Assessor: Krystal Tolley
This species is listed on CITES Appendix II, and there have been a number of recorded exports in the last decade, although most exports are listed as captive bred from South Africa (UNEP-WCMC 2018). Recorded exports of wild individuals have been limited to less than 50 individuals. The current level of exploitation is unlikely to affect the species as a whole, but could cause local extinctions of subpopulations given that the habitat is highly fragmented.
The range of this species is >8,000km2 although at least half of this area is highly transformed, with poor quality habitat or complete loss of habitat (Tolley 2017, Tolley In press). Small subpopulations in these fragments could be subject to local extinctions because recolonisation potential across unsuitable habitat can be considered low (see Katz et al. 2013, Tolley et al. 2010).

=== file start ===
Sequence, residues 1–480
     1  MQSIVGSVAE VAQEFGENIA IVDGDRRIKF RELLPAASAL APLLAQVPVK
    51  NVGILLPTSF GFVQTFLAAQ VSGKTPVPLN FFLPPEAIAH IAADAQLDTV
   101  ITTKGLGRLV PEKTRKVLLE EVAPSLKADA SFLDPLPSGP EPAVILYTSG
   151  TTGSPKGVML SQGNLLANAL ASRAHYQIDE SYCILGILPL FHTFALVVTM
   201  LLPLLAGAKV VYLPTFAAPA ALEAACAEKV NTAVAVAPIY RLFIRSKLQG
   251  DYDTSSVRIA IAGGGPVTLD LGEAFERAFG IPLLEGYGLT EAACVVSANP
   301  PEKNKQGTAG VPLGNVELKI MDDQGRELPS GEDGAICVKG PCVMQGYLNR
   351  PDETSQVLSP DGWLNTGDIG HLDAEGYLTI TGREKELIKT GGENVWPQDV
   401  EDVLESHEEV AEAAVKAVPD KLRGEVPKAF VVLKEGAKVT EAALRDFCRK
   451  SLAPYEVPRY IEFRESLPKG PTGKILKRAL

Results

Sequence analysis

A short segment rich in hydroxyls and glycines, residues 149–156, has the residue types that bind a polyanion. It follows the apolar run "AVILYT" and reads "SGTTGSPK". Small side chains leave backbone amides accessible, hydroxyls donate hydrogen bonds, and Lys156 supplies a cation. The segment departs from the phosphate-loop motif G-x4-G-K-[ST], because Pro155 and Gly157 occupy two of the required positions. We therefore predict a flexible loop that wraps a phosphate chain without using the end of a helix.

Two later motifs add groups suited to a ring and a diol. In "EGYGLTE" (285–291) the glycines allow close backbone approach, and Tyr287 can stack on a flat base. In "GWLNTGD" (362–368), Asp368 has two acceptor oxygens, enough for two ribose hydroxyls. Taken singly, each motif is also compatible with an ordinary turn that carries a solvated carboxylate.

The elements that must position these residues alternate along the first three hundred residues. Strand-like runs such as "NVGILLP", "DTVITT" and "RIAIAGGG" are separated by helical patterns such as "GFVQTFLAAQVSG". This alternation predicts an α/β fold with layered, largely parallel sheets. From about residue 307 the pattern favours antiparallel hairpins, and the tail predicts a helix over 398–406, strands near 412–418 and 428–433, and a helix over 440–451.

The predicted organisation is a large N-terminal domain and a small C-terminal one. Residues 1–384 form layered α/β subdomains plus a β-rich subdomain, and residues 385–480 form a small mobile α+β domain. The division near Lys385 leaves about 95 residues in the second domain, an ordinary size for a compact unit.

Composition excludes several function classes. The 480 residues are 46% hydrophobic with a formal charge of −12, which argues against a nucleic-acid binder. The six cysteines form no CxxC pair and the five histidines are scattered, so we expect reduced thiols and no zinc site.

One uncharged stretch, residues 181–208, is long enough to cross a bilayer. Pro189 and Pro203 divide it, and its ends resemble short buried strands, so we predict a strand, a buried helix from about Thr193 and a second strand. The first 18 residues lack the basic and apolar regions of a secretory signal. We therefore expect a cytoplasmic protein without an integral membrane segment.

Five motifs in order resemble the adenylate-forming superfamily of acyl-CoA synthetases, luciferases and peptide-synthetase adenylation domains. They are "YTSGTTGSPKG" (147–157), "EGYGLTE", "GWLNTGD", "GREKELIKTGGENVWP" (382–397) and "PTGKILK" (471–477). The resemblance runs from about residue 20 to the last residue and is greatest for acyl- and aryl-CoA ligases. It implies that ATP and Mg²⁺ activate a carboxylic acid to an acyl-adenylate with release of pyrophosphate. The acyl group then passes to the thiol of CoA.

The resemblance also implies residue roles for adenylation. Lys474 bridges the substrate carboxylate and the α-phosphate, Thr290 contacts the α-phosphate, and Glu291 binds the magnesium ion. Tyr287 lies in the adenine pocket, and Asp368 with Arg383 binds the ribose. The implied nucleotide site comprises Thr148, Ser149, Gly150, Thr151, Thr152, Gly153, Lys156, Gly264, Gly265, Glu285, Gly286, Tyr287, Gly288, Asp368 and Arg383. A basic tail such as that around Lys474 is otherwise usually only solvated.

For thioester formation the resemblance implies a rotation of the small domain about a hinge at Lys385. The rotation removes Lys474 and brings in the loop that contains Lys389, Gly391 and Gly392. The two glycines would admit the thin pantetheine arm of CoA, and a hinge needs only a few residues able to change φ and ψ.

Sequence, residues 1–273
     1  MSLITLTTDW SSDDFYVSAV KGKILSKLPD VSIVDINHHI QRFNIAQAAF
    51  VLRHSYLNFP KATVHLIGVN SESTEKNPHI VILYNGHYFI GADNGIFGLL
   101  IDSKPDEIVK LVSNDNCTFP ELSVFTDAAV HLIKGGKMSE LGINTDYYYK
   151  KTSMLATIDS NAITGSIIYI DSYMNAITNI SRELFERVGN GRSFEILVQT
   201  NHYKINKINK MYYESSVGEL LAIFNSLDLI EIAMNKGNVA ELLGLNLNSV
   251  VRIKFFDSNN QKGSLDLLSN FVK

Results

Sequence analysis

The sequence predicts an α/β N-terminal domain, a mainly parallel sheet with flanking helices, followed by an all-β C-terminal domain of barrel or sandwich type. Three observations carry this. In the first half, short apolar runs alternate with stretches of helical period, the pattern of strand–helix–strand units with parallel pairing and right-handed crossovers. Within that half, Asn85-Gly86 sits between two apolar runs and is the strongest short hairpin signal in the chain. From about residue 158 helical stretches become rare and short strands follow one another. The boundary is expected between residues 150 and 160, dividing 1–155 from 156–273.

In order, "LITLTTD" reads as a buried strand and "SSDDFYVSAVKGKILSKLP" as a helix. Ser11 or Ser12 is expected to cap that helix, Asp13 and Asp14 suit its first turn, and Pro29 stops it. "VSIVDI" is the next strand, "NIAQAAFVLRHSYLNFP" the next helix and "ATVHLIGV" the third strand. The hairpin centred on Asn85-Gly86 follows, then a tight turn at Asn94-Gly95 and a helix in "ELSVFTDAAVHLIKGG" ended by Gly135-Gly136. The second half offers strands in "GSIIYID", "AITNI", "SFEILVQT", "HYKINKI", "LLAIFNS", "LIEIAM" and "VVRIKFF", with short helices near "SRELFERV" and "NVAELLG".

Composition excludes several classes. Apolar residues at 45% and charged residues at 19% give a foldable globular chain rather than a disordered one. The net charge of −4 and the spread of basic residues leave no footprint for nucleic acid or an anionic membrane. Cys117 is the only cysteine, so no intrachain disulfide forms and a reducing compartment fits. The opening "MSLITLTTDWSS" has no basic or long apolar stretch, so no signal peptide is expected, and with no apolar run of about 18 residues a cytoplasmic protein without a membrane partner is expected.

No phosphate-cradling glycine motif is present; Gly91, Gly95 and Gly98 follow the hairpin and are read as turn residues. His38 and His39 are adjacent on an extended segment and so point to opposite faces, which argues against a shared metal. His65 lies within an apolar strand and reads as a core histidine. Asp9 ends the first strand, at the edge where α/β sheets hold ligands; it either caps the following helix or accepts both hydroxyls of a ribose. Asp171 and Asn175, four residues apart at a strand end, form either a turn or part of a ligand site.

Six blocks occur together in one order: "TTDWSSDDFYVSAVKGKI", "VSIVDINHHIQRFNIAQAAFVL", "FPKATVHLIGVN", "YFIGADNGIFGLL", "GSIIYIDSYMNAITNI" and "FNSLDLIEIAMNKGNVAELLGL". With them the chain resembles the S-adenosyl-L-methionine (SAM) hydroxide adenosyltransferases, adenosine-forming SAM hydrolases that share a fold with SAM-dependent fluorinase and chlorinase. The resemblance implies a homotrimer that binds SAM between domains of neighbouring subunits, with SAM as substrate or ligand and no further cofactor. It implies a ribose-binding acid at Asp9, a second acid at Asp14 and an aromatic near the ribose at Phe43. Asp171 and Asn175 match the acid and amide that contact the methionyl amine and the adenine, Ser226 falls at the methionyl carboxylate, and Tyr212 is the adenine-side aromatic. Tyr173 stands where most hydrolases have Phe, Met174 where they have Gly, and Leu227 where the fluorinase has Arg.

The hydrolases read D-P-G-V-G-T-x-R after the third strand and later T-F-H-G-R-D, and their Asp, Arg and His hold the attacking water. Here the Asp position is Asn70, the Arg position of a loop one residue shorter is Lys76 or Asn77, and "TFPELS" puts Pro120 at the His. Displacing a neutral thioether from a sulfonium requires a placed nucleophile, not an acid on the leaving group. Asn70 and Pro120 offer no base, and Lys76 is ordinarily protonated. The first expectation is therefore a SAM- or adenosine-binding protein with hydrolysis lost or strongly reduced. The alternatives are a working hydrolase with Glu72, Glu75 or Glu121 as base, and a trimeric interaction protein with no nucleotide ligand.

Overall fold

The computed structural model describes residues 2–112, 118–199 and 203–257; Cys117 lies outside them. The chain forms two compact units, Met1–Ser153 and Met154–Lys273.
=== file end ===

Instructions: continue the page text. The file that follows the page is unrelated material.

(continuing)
Individuals are removed from the wild (UNEP-WCMC 2018), although it is unknown if removals are of adults or juveniles.
This species is viviparous, gives birth clutches of 4-15 offspring and may have multiple clutches annually (Tolley & Burger 2007, Tolley et al. 2014). Given their life history, it is likely that the species could recover from limited permanent removals, although their habitat is highly fragmented and recolonsation potential would be limited. A collector could feasibly harvest and entire subpopulation, resulting in local extinctions in these small fragments. Given the limited dispersal ability across unsuitable habitat, recolonisation potential will be low and local extinctions would persist. Removals also could affect genetic diversity of small subpopulations (see Katz et al. 2014).